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Walter Becker estate responds in Steely Dan dispute

By | Published on Tuesday 28 November 2017

Steely Dan

The estate of late Steely Dan member Walter Becker has hit back at his former bandmate Donald Fagen, who recently moved to enforce a 1972 contract that would give him control of the band’s business.

As previously reported, Fagen recently filed a lawsuit that explained how back in 1972 the then members of Steely Dan signed a band agreement that included a ‘buy/sell’ clause which meant that, if ever a member left the band or died, the other band members would have the right to buy the exiting member’s stake in the business.

According to Fagen’s lawsuit, only he and Becker still had a stake in said business at the time of the latter’s death in September. However, Becker’s estate is seemingly arguing that the ‘buy/sell’ agreement no longer applies, meaning it would retain a share in the band. Fagen’s litigation – which says the estate wrote to him shortly after Becker’s death insisting that the ‘buy/sell’ clause should not apply – is seeking to enforce the 1970s contract.

In a new statement, the Becker estate calls the lawsuit “unwarranted and frivolous”, insists the 1972 contract is no longer in effect, and dispute’s Fagen’s version of events with regard to what has happened since Becker’s death.

The statement begins: “We were disappointed to learn that Donald Fagen commenced a lawsuit against [the estate of] Walter Becker, his partner of 50 years, on the eve of Thanksgiving. We believe the agreement to which Mr Fagen refers in his suit – drafted 45 years ago – was not in effect at the time of Walter’s death”.

Hitting out at the lawsuit and Fagen himself, the statement goes on: “Mr Fagen’s lawsuit, riddled with half-truths and omissions, misleadingly fails to state that the day after Walter died, Mr Fagen had his lawyer send a demand letter to Walter’s estate, thus beginning a legal campaign against Walter’s family immediately after his death. The misrepresentation that his widow, Ms Cioffi, initiated any litigious action is simply untrue. In our view, Mr Fagen is unfairly trying to deprive Walter’s family of the fruits of their joint labours”.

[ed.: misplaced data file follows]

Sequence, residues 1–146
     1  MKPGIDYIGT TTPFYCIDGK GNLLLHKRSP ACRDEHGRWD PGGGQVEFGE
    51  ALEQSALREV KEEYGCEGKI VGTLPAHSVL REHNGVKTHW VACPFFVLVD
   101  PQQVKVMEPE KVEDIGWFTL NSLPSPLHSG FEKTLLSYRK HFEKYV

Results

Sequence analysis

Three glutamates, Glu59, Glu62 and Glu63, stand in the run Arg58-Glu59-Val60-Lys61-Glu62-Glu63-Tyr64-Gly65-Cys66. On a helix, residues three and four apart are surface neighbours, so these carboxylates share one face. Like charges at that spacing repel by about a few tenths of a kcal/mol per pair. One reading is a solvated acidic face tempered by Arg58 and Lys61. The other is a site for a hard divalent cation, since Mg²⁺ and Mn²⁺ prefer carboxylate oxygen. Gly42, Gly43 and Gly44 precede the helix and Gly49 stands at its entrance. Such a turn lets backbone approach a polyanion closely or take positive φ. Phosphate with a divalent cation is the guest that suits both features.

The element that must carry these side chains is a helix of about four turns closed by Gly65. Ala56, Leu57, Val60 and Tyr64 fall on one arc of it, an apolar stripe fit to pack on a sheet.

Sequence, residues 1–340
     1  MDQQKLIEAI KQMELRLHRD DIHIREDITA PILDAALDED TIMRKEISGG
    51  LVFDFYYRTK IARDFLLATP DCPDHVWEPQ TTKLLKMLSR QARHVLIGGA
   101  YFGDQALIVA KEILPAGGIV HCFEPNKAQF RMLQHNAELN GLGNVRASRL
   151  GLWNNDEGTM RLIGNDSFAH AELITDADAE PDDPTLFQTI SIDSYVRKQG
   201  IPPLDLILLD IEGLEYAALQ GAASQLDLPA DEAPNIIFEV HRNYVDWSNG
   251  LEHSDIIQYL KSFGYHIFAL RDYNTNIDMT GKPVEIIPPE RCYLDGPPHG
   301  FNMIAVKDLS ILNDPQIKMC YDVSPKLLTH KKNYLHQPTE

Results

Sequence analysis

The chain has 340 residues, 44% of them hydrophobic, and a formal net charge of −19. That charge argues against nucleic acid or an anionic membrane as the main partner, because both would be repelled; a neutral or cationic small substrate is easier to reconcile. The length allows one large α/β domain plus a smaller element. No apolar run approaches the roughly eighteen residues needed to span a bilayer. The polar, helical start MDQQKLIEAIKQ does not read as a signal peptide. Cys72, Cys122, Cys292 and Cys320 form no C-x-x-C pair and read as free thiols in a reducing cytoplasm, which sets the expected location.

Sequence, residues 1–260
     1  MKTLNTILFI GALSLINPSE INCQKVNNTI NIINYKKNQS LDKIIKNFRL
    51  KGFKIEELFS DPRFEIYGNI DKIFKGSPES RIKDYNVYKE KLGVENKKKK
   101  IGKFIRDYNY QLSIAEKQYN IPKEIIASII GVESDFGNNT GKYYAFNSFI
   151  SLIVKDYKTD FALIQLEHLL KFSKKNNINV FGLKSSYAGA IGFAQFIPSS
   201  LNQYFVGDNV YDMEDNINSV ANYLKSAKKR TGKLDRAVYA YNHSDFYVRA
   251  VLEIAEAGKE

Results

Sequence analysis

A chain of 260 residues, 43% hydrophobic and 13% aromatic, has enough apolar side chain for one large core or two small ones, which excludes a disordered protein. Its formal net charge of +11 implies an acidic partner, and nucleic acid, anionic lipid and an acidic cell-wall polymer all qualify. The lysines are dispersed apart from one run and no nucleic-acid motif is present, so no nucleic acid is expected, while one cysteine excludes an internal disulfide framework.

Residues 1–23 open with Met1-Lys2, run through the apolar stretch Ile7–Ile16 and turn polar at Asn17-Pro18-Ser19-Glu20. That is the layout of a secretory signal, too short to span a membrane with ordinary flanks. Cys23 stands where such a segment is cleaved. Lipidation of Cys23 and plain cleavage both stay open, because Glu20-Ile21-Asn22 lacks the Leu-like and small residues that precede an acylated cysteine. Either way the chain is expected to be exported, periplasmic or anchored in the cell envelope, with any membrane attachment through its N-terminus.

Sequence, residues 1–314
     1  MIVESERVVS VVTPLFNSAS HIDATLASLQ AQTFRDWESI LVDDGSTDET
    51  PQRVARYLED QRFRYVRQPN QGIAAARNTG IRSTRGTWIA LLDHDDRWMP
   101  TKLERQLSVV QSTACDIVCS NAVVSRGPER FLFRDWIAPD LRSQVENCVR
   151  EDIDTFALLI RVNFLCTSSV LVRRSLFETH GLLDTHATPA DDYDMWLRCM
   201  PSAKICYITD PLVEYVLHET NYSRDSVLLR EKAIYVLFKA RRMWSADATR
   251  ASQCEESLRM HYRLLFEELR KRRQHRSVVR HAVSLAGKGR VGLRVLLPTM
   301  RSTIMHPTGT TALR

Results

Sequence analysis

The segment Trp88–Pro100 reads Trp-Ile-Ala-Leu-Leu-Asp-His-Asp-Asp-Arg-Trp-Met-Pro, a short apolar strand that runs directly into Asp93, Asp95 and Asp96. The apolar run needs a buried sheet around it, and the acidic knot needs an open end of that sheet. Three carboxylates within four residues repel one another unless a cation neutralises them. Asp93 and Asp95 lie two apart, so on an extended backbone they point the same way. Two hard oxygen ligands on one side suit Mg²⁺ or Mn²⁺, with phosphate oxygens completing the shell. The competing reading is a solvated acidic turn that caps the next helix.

The estate concludes: “Since Walter’s passing, we have endeavoured to achieve a compromise with Mr Fagen. We were close to a resolution with his longtime counsel who he suddenly fired. We then negotiated in good faith with replacement counsel who Mr Fagen also fired. Mr Fagen’s third and current lawyer did not even attempt to contact us prior to filing a lawsuit. While we regret Mr Fagen’s latest actions, we will vigorously defend against his unwarranted and frivolous case”.

Responding to the response, Fagen’s lawyer Skip Miller told Rolling Stone: “Mr Fagen reluctantly took this step in response to certain actions of Mr Becker’s estate. The main point is that the buy/sell agreement at the heart of the suit is as valid as the day it was signed. It’s something Mr Becker felt strongly about keeping in place and honouring, even during his years of illness. Mr Fagen believes Mr Becker’s estate is entitled to receive all normal royalties on the songs they wrote together. But this case is about the future of the band, and we will vigorously defend the contract”.